Depending on how the rotation is set up you’d have E-Rod, Opener, Eovaldi, Opener, Perez, Opener. Buchholz, Sanchez, and Cashner - or more likely, a combination of two of them, would come in for three to five innings afterwards. Is there necessarily roster room for all these pitchers? Maybe. There’s the 26th man this year to help as needed should an opener struggle or the long relievers/short starters not work out. Ideally it’s just shifting a few starting pitchers to a bullpen role and splitting what would be six inning starts over two appearances. If Chris Sale is healthy, even better! He’ll take a regular turn and the openers will show up a little less often. But with limited time remaining and a team that shouldn’t just punt the season (who knows, maybe they cross the bridge this year somehow?) it’s putting the pieces to work. Besides, these roster strategies are exactly why Bloom was hired.

Phil Neuffer

As far as I can tell, the Red Sox have two spots to fill in the immediate future. Chris Sale may be okay health-wise (or thereabouts), but he still won’t be making starts right away. Plus, there’s always the chance that things get worse and not better. With him gone for now, that leaves Eduardo Rodriguez, Nathan Eovaldi and Martín Pérez as the locks for the rotation, with the rest yet to be determined.

Collin McHugh could take one of those rotation spots potentially, and I think that would be a relatively savvy move. McHugh is projected to be worth 1.3 wins above replacement by ZiPS this season. He was a relatively solid hurler across 74 ⅔ innings for Houston last season, although primarily out of the bullpen, where he did all of his work in 2018. The last time he was a full-time starter was in 2017, but he only logged 63 ⅓ innings during that campaign. However, between 2014 and 2016, he logged more than 150 innings as a full-time starter every year and now at 32-years-old, he could have something left in the tank. I’d be fine giving him a rotation spot to start and see where things go from there.

As for the final spot in the rotation, I don’t think there’s an easy answer, but I am not a fan of trading for a pitcher. The Red Sox just dealt their best player, and the defense for the move seems to be that it brought in some prospects and improved financial flexibility. Who exactly are they going to trade now to improve the rotation and not either make some other part of the big league roster worse or sap away prospect talent? Instead, I would like the Sox to give multiple younger guys on the roster longer auditions to see if pitchers like Darwinzon Hernandez, Mike Shawaryn and Kyle Hart could become full-time starters.

Keaton DeRocher

Well, with the recent news of the McHugh signing that seems to be one of the spots filled. I guess it’s still to be determined if he will be a true starter or if he will be used as an opener, or if he will even be ready by opening day but at least eventually McHugh will be some type of solution. For the other rotation spot, I expect Brian Johnson to be the guy. However, if the Red Sox were to ask my opinion, and with all due respect to Mr. Johnson, I think I’ve seen enough. I eluded to one potential option in the previous roundtable, setting Tanner Houck loose to see what you have in him is certainly an option and one I would seriously consider if I were the Red Sox. He had more success last year as a reliever at Triple-A but at some point, you need to see what the fellas on the farm can do and there’s no better time than now with 2020 seemingly lost to the baseball gods.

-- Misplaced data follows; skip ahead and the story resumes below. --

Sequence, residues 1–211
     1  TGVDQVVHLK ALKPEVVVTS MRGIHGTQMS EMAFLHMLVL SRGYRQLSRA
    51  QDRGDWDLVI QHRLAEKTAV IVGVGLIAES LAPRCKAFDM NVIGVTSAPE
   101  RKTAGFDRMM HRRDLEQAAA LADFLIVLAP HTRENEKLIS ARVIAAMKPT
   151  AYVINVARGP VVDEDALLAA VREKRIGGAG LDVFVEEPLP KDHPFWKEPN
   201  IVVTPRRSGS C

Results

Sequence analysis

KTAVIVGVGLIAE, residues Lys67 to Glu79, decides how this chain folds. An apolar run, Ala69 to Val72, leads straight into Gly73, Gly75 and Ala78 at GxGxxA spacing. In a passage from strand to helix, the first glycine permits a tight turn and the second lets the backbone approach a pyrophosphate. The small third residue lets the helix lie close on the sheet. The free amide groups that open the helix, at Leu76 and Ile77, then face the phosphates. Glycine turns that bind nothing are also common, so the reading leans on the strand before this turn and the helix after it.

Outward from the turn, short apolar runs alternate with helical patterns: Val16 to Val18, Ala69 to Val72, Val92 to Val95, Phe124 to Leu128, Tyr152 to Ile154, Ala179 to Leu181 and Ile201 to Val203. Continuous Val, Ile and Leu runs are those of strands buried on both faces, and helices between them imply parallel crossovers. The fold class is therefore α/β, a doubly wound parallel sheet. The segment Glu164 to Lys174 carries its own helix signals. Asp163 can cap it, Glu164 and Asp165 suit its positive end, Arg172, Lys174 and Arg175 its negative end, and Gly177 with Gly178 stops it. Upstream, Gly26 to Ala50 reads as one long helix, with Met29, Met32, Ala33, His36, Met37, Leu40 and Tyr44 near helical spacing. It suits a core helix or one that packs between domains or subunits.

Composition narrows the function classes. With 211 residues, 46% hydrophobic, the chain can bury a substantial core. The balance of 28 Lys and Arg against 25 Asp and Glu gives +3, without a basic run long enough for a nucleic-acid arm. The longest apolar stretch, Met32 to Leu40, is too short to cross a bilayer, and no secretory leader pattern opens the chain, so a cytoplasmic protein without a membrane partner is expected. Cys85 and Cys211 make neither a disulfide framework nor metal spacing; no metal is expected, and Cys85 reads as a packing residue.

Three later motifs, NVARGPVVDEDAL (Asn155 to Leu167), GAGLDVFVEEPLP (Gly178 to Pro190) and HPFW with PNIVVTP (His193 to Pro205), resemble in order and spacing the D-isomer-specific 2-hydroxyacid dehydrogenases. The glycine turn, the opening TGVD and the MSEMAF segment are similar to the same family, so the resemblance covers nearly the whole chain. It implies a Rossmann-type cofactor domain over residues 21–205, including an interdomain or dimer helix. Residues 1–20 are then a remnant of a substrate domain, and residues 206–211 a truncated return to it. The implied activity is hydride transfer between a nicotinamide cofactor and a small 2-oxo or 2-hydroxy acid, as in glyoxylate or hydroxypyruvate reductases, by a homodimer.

A couple of other internal options I would try would be Kyle Hart and Darwinzon Hernandez. The latter I don’t feel confident in given his walk issues, but he was brought up as a starter and it would be easy to roll him back into the ‘pen if the experiment failed. The former pitched 100 innings at Triple-A last year and was freshly added to the 40-man roster this winter and, as I stated before, there’s no better time than now to see what you have out of the farm.

Bryan Joiner

Now that Chris Sale is on the fritz an Collin McHugh is on the team, how should the Red Sox fill out their rotation? I’ve seen a list of free agent pitchers and the one that sticks out for about 100 reasons is Clay Buchholz, who was not good in Toronto last year. Forgive me if I’m a little skeptical about the old carnie legend and what he could accomplish on a Red Sox team that gets fractured anew every week, even if he was pretty good in Arizona a couple years back. He also has a huge problem staying healthy and has for his entire career. So there are many reasons not to sign Buchholz. None of them outstrip the benefits to sign him, which are: a) they need him b) he’s an old friend and c) if this year’s gonna be a bridge year, we might as well befriend the grumpy old troll who lives under said bridge. Best way to do that? Pay the man! Just not very much.

Matt Collins

There are a ton of options for the Red Sox to go with in order to fill up their rotation. A lack of options is not the issue. The issue is that they mostly kind of suck! I think signing a new arm even beyond McHugh sounds good in theory, but I’m not sure it’s actually worth it. I’m not convinced anyone available is really an upgrade, and I’d worry about them trying to rush them to be ready, leading to a brutal April. I’d just stay internal and use this as a chance to see if you have a diamond in the rough. I’m fine with using an opener, but don’t think that changes much. You still need the bulk guy, and those are the same as the candidates to start. So my strategy would just be to churn. And keep churning. I’d start with Ryan Weber and Brian Johnson in the final two spots, but no one should have a long leash. Give Kyle Hart his chance at some point. And Chris Mazza. And Mike Shawaryn. And anyone and everyone else. And hope Chris Sale comes back. That last part is key.